The Element You Can't Live Without

The Element You Can't Live Without

A few years ago a historic old military fort on the southern tip of Manhattan Island was razed. Built more than a century ago, as a watchdog for the city, its huge cannon bristled out over the harbor for decades until changing methods of warfare made it obsolete. It was called the Battery.

Then, of all things, it was changed into an aquarium. From being a military fort it was suddenly converted into the nation's outstanding showplace for fish and sea life. Giant turtles, electric eels, dogfish—all these and more—sported themselves in huge glass tanks before the interested public.

Finally, in the name of progress, the historic old Battery was demolished. When the fish were moved to another building, naturally they had to be taken from these tanks to new ones. In the process a most interesting fact came to light. The scientists in charge of the move found that these creatures died in the new water, even though it was exactly the same in every proportion as sea water. Something was lacking! What was it? Something very simple, really. That something was a small amount of water from the old tanks or from the sea itself!

What element did this tiny amount of water contain that the fishes simply had to have? Nobody knows, but we know that it was essential—of that we are sure.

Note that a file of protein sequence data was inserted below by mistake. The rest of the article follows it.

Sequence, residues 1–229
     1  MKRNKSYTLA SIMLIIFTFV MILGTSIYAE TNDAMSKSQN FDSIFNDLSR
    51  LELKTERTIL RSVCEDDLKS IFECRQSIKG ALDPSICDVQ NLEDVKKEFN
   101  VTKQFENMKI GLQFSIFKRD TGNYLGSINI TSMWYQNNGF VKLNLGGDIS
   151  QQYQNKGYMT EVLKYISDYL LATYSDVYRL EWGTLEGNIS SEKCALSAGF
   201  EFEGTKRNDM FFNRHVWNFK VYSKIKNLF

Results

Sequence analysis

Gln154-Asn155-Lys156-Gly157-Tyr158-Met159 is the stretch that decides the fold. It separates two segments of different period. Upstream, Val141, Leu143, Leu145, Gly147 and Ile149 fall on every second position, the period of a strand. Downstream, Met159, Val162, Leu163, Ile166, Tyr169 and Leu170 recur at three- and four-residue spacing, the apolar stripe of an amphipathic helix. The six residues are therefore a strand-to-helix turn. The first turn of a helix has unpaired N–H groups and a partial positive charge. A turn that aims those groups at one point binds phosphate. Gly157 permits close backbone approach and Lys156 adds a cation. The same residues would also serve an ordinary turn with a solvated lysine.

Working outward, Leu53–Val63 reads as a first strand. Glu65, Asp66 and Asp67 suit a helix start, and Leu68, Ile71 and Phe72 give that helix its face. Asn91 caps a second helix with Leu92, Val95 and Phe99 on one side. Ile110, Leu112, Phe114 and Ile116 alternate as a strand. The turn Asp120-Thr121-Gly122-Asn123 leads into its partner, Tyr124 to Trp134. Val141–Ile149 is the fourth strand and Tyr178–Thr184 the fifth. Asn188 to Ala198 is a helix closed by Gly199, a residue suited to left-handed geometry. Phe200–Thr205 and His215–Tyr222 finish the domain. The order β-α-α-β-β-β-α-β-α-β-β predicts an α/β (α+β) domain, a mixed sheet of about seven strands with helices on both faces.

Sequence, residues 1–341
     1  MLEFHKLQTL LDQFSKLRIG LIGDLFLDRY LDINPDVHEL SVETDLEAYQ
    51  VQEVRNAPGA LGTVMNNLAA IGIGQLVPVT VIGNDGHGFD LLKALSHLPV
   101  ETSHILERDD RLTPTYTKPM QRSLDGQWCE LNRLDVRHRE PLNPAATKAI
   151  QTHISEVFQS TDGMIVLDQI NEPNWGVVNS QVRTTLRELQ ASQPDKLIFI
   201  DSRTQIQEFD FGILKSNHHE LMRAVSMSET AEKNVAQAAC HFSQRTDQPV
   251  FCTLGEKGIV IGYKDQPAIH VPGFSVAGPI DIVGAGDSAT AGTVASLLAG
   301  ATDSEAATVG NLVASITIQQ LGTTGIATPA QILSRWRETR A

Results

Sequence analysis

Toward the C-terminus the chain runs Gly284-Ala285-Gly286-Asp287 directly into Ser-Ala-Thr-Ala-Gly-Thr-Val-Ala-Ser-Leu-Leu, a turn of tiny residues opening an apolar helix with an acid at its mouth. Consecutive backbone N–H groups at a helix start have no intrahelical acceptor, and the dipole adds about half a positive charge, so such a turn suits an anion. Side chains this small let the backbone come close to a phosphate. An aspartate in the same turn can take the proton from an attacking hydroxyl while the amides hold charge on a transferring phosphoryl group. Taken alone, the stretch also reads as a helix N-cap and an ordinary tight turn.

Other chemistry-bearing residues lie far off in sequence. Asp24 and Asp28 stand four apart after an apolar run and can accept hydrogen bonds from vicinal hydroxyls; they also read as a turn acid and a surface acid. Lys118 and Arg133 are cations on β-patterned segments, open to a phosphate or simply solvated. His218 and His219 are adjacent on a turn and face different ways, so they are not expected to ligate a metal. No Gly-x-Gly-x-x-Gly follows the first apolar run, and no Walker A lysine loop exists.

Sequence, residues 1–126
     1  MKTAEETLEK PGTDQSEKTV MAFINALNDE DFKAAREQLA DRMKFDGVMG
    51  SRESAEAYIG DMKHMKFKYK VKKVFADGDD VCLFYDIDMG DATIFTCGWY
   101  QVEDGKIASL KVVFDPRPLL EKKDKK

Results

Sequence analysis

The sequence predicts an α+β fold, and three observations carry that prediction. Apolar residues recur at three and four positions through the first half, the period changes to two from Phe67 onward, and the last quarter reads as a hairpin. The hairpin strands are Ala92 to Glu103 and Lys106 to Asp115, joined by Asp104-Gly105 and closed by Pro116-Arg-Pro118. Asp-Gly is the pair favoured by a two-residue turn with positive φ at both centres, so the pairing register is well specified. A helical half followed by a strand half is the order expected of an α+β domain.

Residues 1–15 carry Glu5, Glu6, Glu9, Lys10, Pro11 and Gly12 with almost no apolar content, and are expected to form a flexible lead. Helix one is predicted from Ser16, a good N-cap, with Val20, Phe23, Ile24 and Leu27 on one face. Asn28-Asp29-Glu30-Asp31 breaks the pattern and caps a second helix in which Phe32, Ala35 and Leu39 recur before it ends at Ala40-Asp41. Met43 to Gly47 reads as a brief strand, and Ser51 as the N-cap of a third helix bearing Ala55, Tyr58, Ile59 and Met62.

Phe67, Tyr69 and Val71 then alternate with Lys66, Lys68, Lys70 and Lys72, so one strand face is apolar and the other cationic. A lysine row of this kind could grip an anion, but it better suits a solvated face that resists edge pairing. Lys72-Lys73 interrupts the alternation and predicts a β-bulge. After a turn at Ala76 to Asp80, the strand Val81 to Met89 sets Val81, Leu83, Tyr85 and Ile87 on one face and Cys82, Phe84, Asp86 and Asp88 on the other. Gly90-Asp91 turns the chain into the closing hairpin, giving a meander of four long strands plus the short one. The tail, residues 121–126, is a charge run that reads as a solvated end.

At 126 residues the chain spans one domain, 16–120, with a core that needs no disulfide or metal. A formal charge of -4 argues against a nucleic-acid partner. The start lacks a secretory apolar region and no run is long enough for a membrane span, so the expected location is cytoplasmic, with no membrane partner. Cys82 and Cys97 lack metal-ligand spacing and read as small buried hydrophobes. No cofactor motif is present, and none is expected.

Human beings, too, need an invisible element in order to live. No, we're thinking of air. That element we must have to live is love. Take away love and you take away life.

The universe is held together by love. The Bible says, "God is love."

In a way, we are like the fish in the Battery aquarium. Without one essential element—love—we cannot live. Life isn't worth living without it.

Millions of boys and girls are growing up in America without the love of their parents. They will never completely recover from this lack. Fortunate are we who were raised in homes where mother and father loved each other and their children.

People who love their work do better work than those who dislike it or who go through the motions merely to make a living. An eight-hour day seems shorter when you find your work interesting and attractive.

The subjects that you like best in school—these are the most interesting to you. Your attraction for them adds the ingredient without which school would be dull routine.

The teacher who loves his or her work does a better job than the teacher who doesn't. This principle of love runs through all of life—our work, play, courtship, marriage, politics, and even sports. The boy or girl who loves a game plays it the best.

Naturally, we can't compare these kinds of interest or attraction to the great love God has for us, but they illustrate in about one-millionth degree the love he showed when he sent Jesus Christ to the world.

God was interested in us. He cared about what happened to mankind and to each individual human being. Without his love for us the world would be a gloomy place indeed. This essential ingredient—love—is all around. Accept it from God and pass it on.

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